Rural Missouri - February 2013 - (Page 26)
Don Collop keeps the Western spirit
alive with his portrayal of ‘Cookie’
by Kyle Spradley
and buffalo chips for ﬁre
Don’s chuck wagon
is a Peter-Schuttler farm
wagon that was built
in Chicago in 1910. He
has had it for nearly 40
years, but it wasn’t until
more than a decade after
he bought it that he
installed a chuck box
and began cooking
Now that he
is retired, Don
and his wife,
many cities across the
Midwest for cookouts
and to make meals
for groups of all sizes,
including a few that
have numbered more
“We’ve done everything from weddings to
cattle auctions, family
Dressed in authentic Western attire, Don Collop often portrays the character of “Cookreunions, school talks
ie,” the chuck wagon cook for the cattlemen on the trail. “He was not only the cook,
and even business funcbut the doctor, nurse, barber and the one to settle all the bets,” says Don.
tions,” says Evelyn. “It’s
great to see this history
adds Don. “We instead cook with what was available
preserved, and I just love to help him cook.”
on the trail with the cowboys: beef. Not to say they
The Collop’s menu will include almost anything
didn’t eat beans, but I guess somehow Hollywood
one would like but sticks to meals similar to what
the cattlemen would’ve eaten on the trail. Stews,
In addition to private events, the Collops take
barbecue, biscuits and all the ﬁxings with mouthwatheir chuck wagon to many festivals, gatherings and
tering cobblers for dessert all are cooked in one of
the couple’s many Dutch oven pots.
Every year, Don visits the third-grade students at
“Movies always portray cowboys eating beans,”
Ray Miller Elementary School in Kirksville with his cowboy tales and chuck
wagon for the school’s Western Days,
which includes other re-enactors.
“The kids get so excited to see him
and look forward to it each year,” says
Principal Marianne Farr. “He not only
provides them with a great history lesson, but he’s a great storyteller and portrays the look of the classic cowboy so
well. They learn so much from him.”
Don admits that enlightening somebody about the life of the cowboy is
what makes it all worthwhile.
“I love doing this for the kids and to
keep the history of the cowboy alive,”
says Don, smiling. “Everything about
the cowboy was just so great. He’d tell
you the way it was. You could depend
on him and he’d be there, riding for the
brand. I think I was just born 100 years
iving out on the trail during the 19th century was tough for cattlemen. These cowboys
found themselves battling Mother Nature and
the harsh landscape of the American West.
Days were spent in the saddle from ﬁrst light to
dusk as these drovers pushed their cattle from the
grazing lands to the cattle yards.
Folklore often exaggerates their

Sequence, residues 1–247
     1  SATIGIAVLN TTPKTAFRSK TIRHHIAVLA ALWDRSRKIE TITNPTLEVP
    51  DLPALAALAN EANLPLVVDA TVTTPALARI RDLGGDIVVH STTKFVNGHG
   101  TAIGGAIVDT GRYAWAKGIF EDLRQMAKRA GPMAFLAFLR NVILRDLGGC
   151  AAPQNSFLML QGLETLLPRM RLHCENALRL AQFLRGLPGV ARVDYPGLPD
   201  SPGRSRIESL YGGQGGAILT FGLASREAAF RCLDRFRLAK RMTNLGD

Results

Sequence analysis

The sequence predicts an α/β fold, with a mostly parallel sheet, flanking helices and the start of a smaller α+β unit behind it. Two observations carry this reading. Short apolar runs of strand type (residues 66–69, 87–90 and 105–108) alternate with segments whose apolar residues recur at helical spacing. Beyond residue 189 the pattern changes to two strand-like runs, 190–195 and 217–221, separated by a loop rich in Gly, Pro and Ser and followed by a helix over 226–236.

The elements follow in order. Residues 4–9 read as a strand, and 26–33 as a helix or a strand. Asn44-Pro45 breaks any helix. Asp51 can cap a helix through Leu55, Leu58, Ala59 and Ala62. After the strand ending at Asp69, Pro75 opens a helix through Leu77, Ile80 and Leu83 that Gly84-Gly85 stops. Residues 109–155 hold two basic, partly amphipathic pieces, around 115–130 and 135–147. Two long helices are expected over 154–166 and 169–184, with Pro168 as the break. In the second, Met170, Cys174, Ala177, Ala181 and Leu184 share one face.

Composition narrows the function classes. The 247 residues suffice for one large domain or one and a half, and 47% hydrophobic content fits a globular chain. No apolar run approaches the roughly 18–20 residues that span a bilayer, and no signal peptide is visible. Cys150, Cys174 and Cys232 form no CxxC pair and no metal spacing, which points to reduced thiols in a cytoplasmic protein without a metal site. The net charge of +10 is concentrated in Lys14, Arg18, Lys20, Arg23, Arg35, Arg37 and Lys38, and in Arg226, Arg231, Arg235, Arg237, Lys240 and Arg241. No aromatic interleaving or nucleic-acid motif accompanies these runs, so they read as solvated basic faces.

tales of run-ins with Indians and barroom shootouts. Most of these cowboys were merely teenagers enticed by
the romanticism of the open range and
the chance to run away from home.
These young men had to be taken
care of, and that job fell to “Cookie,” the
chuck wagon cook.
“He was not only the cook, but the doctor, nurse, barber and the one to settle all the bets,”
says Don Collop of Colony.
For nearly two decades, Don has been portraying
the character of Cookie and still believes in the cowboy way. Dressed in attire akin to the time, he shares
stories about what life was like on the cattle drives
and recites poems to school groups and at festivals
as well as being a true chuck wagon cook.
Although Don admits to “cowboying” his whole
life, the Lewis County Rural Electric Cooperative
member ﬁrst got serious with his re-enacting when
he lived in Mexico, Mo. During his three-decade
tenure as a lineman for Ameren Missouri, he discovered the writings of famed cowboy poet Baxter
Black. Dressed in Western garb, he began performing
poems from other writers in front of small groups.
Then in 1996, he and three others formed the
Missouri Cowboy Poets Association (MCPA) to promote and preserve the cowboy lifestyle.
Over the years, the group has expanded to
include poets, singers, chuck wagon cooks, writers
and others interested in the cowboy
way. Members are made available to
anyone looking for a presentation by an
authentic cowboy performers.
In 2001, the group published an
anthology of members’ work and delivered 177 copies on the back of Don’s
wagon to the Missouri State Library in
Jefferson City for each county library.
“Then I discovered some guys who
were doing chuck wagon work,” says
Don. “Now, my true love is the chuck
wagon. We bring it and set up right in
your yard and cook right there with our
pots. Everything is from scratch.”
The beginning of chuck wagons
can be traced to Texas rancher Charlie
Goodnight, who in 1866 fabricated
the ﬁrst chuck wagon from surplus
Studebaker wagons he purchased from
the U.S. Army. He rebuilt the wagon to
include a chuck box that housed utenphoto courtesy of Don Collop
sils, tools, a fold-out counter used for
Don Collop poses in front of his Peter-Schuttler farm wagon at the Old Threshers
food preparation and several drawers
Reunion in Mt. Pleasant, Iowa. He converted it to a chuck wagon similar to what was
and shelves. The wagon had a canvas
used on cattle drives during the 19th century. Don and his wife, Evelyn, offer chuck
top and a “possum belly,” a rawhide
wagon services to festivals, schools and gatherings throughout the Midwest.
pouch on the bottom to hold wood
To contact Don about the Missouri Cowboy Poets Association, chuck wagon services
or to speak at an event, call 660-434-6519
or e-mail ﬂyingte@marktwain.net.
Table of Contents for the Digital Edition of Rural Missouri - February 2013
Rural Missouri - February 2013
Table of Contents
A lasting tribute
Preparing for the worst
Out of the Way Eats
Our history with Missouri’s future leaders
Hearth and Home
The cowboy way of life
Rural Missouri - February 2013
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